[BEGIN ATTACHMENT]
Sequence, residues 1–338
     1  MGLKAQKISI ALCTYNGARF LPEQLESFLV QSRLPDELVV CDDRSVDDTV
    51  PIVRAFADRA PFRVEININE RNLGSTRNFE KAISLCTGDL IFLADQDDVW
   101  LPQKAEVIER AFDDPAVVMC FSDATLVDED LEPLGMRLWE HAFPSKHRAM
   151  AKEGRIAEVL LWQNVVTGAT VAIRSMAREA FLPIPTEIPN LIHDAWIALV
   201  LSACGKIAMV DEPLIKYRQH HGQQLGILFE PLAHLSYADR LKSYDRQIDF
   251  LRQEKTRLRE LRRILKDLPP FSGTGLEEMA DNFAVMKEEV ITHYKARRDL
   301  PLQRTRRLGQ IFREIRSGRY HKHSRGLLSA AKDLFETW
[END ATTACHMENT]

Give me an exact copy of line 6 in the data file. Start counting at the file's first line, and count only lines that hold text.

   201  LSACGKIAMV DEPLIKYRQH HGQQLGILFE PLAHLSYADR LKSYDRQIDF